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Recent public polls give Texas Attorney General Greg Abbott, the GOP nominee, a double-digit lead.

The latest bad news came on Thursday, with a University of Texas/Texas Tribune survey that showed Abbott 16 points ahead of Davis. Her campaign noted that it was conducted over the Internet — regarded as less reliable than surveying through traditional interviews — and maintained that their internal numbers show the race is closer. But the Texas Tribune results are in line with a recent random sample telephone survey sponsored by Houston Public Media and KHOU-TV, which also put Abbott 16 points over Davis.

One benchmark, Henson said, is whether Davis will do significantly better than 2010 Democratic nominee Bill White, the Houston mayor who lost to incumbent Rick Perry by close to 13 points. If not, the results in November could undermine the idea that money and organization are the key to winning for Democrats in Texas.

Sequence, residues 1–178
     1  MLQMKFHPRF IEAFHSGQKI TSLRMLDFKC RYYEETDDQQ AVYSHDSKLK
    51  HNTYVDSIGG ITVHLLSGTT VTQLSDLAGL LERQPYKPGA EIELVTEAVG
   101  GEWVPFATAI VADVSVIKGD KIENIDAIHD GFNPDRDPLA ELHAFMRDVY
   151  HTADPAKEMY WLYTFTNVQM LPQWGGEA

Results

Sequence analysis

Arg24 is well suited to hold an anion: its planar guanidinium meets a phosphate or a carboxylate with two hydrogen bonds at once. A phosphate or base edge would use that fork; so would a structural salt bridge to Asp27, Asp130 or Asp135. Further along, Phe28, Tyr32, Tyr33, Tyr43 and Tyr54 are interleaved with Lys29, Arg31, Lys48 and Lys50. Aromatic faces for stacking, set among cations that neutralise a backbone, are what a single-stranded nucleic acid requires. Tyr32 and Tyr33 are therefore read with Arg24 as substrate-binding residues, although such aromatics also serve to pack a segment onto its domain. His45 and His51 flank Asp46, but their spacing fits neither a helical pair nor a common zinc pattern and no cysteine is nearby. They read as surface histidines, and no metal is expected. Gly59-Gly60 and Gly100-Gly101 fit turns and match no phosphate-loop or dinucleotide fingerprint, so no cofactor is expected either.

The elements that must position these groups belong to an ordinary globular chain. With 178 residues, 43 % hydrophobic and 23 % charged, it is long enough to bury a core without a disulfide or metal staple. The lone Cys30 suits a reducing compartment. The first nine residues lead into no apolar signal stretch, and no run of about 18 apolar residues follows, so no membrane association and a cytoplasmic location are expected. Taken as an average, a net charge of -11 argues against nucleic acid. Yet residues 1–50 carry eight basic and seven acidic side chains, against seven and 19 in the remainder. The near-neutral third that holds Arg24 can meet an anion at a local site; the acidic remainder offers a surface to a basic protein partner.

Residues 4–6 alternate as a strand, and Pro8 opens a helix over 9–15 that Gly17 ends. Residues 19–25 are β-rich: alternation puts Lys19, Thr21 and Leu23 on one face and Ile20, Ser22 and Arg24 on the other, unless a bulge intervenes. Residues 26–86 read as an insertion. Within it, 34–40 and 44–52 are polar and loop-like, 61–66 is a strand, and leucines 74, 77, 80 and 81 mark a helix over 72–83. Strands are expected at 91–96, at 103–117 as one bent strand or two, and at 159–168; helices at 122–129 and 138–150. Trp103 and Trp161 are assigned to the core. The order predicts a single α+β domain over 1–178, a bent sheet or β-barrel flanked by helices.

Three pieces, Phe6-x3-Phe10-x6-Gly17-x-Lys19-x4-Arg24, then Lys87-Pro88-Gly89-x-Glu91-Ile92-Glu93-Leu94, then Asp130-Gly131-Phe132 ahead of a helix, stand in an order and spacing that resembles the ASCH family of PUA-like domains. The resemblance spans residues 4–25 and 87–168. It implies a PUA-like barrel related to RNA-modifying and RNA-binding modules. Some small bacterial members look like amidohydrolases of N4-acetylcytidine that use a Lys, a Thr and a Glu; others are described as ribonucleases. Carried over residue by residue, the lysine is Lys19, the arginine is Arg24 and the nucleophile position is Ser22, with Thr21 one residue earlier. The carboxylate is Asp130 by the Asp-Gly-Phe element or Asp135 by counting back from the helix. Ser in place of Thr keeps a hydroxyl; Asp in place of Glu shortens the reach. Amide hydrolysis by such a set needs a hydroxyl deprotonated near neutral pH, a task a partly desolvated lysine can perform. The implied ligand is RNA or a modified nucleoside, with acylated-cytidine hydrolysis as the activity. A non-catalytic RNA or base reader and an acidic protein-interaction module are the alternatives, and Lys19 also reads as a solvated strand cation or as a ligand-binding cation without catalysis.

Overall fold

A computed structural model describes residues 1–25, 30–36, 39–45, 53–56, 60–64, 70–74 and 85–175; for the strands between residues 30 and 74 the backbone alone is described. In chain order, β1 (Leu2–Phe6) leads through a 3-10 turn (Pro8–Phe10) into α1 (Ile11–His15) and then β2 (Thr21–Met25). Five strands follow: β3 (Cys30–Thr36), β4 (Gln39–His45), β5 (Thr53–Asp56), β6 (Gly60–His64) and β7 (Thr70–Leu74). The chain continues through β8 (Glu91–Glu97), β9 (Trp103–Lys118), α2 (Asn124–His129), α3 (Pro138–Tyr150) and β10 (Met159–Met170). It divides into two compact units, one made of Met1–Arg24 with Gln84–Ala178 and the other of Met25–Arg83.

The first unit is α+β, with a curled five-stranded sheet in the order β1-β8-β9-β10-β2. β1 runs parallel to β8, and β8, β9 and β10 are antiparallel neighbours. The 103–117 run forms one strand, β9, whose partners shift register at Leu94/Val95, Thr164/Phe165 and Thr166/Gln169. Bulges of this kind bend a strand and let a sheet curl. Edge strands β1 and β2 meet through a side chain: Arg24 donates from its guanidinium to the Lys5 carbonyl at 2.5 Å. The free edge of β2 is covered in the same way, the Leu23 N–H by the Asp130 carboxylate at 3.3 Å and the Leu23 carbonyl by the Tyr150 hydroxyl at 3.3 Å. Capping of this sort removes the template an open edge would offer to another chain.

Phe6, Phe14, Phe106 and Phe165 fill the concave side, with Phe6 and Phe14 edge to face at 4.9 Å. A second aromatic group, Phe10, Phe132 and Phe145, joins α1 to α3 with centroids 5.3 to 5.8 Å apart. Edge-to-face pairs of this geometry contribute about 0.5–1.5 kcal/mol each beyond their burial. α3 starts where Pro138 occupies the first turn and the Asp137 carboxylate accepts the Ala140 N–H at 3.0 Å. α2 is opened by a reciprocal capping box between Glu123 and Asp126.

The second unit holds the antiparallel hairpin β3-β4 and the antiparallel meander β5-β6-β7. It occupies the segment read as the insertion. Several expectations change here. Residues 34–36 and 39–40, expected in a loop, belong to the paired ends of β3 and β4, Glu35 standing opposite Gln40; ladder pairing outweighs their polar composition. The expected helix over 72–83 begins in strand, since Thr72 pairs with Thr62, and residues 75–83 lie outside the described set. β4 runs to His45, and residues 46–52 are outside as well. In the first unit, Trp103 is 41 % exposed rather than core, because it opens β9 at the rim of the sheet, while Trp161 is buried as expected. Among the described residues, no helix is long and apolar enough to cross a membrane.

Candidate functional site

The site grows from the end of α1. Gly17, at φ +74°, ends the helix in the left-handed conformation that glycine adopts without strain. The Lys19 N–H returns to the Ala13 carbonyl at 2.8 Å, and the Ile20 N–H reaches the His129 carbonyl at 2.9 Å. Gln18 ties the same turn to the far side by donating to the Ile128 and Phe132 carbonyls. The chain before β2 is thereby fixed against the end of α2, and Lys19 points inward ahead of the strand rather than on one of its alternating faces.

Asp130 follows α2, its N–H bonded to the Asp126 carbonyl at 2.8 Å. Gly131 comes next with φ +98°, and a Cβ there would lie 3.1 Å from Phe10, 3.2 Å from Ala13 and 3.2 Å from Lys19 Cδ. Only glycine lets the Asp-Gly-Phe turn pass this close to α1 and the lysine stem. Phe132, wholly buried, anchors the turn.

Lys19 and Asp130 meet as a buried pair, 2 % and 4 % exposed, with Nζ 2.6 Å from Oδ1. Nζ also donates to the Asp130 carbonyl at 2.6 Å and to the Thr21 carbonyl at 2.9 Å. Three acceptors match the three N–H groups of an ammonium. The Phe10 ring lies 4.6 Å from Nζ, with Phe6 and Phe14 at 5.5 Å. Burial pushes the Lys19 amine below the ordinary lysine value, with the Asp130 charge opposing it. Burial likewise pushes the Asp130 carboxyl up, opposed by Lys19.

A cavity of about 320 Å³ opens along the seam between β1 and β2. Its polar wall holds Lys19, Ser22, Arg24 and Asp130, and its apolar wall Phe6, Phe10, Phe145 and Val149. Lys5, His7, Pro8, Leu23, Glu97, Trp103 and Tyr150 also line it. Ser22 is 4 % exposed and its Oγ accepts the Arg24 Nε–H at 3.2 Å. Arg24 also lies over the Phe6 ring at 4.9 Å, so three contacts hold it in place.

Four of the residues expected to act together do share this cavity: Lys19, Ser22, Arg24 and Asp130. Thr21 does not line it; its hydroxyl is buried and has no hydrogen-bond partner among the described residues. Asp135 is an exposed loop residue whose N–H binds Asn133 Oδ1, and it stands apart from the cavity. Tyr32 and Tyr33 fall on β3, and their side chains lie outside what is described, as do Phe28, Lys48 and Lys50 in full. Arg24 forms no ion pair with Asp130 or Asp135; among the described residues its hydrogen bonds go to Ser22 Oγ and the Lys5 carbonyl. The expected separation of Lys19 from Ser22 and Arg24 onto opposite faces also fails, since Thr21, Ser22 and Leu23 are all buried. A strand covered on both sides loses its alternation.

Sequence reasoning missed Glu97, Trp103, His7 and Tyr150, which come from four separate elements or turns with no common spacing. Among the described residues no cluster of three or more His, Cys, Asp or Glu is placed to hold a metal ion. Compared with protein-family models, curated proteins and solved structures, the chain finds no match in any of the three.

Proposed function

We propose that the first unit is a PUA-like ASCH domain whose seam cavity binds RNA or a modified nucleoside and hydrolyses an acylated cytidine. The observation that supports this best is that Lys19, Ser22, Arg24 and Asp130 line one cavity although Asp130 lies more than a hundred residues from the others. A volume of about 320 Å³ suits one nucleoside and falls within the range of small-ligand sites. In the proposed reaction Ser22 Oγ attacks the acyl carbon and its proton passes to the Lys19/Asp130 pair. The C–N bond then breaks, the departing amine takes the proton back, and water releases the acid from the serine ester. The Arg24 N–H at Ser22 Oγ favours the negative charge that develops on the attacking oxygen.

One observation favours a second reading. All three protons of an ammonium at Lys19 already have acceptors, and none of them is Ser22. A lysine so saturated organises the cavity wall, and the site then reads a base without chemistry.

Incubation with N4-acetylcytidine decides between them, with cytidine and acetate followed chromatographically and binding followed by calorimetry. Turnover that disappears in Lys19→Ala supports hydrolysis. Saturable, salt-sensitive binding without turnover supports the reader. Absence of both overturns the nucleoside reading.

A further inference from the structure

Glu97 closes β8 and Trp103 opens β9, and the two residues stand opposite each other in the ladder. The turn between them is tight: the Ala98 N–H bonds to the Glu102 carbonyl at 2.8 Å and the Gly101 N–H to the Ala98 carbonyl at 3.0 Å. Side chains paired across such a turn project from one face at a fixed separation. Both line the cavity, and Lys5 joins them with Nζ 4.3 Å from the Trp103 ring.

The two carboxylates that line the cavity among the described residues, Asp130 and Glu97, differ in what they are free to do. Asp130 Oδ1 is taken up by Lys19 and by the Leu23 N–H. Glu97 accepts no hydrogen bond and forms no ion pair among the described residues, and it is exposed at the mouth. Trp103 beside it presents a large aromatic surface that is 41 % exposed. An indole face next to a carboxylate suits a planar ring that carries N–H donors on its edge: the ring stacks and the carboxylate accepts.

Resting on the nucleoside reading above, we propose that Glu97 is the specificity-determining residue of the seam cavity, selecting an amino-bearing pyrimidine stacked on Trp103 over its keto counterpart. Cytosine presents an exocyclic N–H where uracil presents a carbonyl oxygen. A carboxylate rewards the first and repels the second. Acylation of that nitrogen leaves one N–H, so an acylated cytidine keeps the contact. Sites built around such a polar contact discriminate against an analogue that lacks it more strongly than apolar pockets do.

The theory rests on rapid demographic changes that are expected to make Latinos the largest demographic group in Texas within six years.

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“Quite frankly, statewide races in the past have been very complacent about consistently having a program in those Latino communities,” said state Sen. Leticia Van de Putte, the Democrats’ nominee for lieutenant governor. “We haven’t had a race in two decades that has put resources into Latino communities. I am so proud of the strides we have made, but I wish there was so much more.”